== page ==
To implement this using DatabaseFunctions you can use df_toggle_autocommit function. This enables or disables automatically committing the MySQL query. After your database updates have completed you can use df_commit to commit the database transactions. You can also use df_rollback function to rollback the transaction.

    If you want to see the queries run by the DatabaseFunctions class then you can just call df_display_query_log function. This displays all the MySQL queries run by the object. The DatabaseFunctions class is used in following way:

    /** The database object is fetched */
    $database_parameters = array(
     "host" => "localhost",
     "user" => "nadir",
     "password" => "kcbW5eFSCbPXbJGLHvUGG8T8",
     "database" => "dev_pakphp",
     "debug" => "1"
    $database_obj = UtilitiesFramework::Factory( "database", $database_parameters );
    /** The $database_obj is initialized and cleared */
    /** The select query is built */
    $main_query = array();
    $main_query[0]['field'] = "*";
    /** The where clause of the query is built */
    $where_clause = array();
    $where_clause[0]['field'] = "function_name";
    $where_clause[0]['value'] = "TestFunction";
    $where_clause[0]['table'] = "example_cached_data";
    $query = $database_obj->df_build_query( $main_query, $where_clause, 's');
    $db_rows = $database_obj->df_all_rows($query);
  5. Email

    This class allows sending HTML email with attachments. It uses the Mail and Mail_Mime PEAR classes. It contains a single public method SendEmail. This takes 5 parameters: $attachment_file, $from, $to, $subject and $text. The $attachment_files parameters is an array containing absolute paths to the files that need to be sent as attachments. The Email class is used in following way:

      * The Email class object is fetched 
      * The Email class requires Mail and Mail_Mime pear package
      * Change the from and to emails to your email address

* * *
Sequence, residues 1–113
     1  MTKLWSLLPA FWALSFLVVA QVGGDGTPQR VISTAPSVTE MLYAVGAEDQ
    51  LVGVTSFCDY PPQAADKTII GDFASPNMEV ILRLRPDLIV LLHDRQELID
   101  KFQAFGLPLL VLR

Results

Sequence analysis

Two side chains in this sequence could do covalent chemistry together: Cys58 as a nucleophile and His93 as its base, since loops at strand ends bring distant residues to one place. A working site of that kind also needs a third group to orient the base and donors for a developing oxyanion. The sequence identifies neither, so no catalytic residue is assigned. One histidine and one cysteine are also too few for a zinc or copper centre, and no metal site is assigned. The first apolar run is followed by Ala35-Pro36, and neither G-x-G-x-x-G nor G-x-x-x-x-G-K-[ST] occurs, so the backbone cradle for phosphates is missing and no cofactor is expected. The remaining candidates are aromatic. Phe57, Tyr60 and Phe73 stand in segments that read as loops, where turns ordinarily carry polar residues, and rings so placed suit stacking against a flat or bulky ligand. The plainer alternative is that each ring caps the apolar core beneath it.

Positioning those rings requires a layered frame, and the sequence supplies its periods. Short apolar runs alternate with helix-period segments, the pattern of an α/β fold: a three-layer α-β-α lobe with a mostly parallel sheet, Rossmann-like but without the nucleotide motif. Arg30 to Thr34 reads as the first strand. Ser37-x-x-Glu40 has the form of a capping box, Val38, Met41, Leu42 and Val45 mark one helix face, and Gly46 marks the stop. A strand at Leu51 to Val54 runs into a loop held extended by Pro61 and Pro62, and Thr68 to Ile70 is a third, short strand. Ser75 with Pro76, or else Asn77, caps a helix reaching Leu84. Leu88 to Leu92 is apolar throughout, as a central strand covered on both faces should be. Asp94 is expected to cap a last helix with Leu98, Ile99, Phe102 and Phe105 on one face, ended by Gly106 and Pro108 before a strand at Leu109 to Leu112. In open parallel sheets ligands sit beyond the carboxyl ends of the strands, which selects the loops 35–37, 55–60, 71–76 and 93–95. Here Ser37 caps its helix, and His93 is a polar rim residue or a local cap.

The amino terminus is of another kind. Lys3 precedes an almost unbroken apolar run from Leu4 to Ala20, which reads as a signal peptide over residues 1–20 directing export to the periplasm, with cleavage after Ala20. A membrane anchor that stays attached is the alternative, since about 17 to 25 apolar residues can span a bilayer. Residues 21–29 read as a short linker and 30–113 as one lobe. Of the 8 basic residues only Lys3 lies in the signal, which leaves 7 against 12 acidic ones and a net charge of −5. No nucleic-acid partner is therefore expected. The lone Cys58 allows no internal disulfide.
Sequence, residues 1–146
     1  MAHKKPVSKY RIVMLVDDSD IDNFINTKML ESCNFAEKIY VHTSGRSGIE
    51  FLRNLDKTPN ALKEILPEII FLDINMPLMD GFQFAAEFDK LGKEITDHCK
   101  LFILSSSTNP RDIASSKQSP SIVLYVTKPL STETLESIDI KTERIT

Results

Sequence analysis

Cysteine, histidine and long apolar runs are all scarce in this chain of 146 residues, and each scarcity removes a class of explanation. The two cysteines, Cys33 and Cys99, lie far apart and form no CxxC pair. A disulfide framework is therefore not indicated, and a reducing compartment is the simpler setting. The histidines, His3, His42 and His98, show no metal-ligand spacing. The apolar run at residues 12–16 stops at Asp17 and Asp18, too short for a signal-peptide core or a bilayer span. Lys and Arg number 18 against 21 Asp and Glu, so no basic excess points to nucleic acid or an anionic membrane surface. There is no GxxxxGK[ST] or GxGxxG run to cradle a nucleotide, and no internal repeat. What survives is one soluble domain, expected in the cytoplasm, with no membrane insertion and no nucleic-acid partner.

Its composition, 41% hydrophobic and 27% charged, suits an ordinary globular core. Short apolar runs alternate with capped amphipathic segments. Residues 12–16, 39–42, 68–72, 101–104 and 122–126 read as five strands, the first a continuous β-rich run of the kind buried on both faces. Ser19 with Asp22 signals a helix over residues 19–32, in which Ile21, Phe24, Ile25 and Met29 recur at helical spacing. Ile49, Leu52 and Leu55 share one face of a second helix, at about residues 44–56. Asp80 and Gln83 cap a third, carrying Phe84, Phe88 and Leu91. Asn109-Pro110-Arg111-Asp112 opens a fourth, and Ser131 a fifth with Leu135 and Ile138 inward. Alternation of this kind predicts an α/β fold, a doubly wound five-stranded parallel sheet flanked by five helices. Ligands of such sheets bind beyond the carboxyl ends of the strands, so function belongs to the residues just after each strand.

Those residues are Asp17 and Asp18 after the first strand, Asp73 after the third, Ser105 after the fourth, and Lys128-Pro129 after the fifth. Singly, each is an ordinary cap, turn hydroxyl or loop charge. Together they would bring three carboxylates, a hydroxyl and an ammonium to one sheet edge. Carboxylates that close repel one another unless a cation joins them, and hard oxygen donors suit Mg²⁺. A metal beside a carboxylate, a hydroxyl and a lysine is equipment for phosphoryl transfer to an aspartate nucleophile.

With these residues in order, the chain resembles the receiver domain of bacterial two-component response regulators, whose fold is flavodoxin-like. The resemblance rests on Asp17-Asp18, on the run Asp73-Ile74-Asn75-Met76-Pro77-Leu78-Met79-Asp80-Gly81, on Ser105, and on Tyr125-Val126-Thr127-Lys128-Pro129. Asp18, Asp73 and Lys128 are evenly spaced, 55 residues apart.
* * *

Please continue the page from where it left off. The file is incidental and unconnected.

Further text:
$from_email = "nadir@pakjiddat.com";
    $to_email   = "nadir@pakjiddat.com";
    $email_obj = UtilitiesFramework::Factory( "email" );
    $is_sent = $email_obj->SendEmail(array(
    ), $from_email, $to_email, "Utilitiesframework Test", "<p>testing html content</p>");
    if ($is_sent)
     echo "Email was successfully sent";
     echo "Email could not be sent";
  6. Encryption

    This class uses the php mcrypt extension to encrypt and decrypt text. It contains two public functions EncryptText and DecryptText. These functions allow encrypting and decrypting strings.

    The EncryptText function encrypts the text and then encodes it using base64 encoding. The DecryptText function does the reverse. i.e it decrypts the text and then decodes it using base64 decoding. The Encryption class is used in following way:

    /** The encryption object is fetched */
    $encryption_obj = UtilitiesFramework::Factory( "encryption" );
    /** The text to be encrypted */
    $original_text  = "test encryption";
    /** The original text is encrypted */
    $encrypted_text = $encryption_obj->EncryptText( $original_text );
    /** The encrypted text is decrypted */
    $decrypted_text = $encryption_obj->DecryptText( $encrypted_text );
    /** If the original text matches the decrypted text then following message is shown */
    if( $original_text == $decrypted_text )
     echo "Text sucessfully decrypted";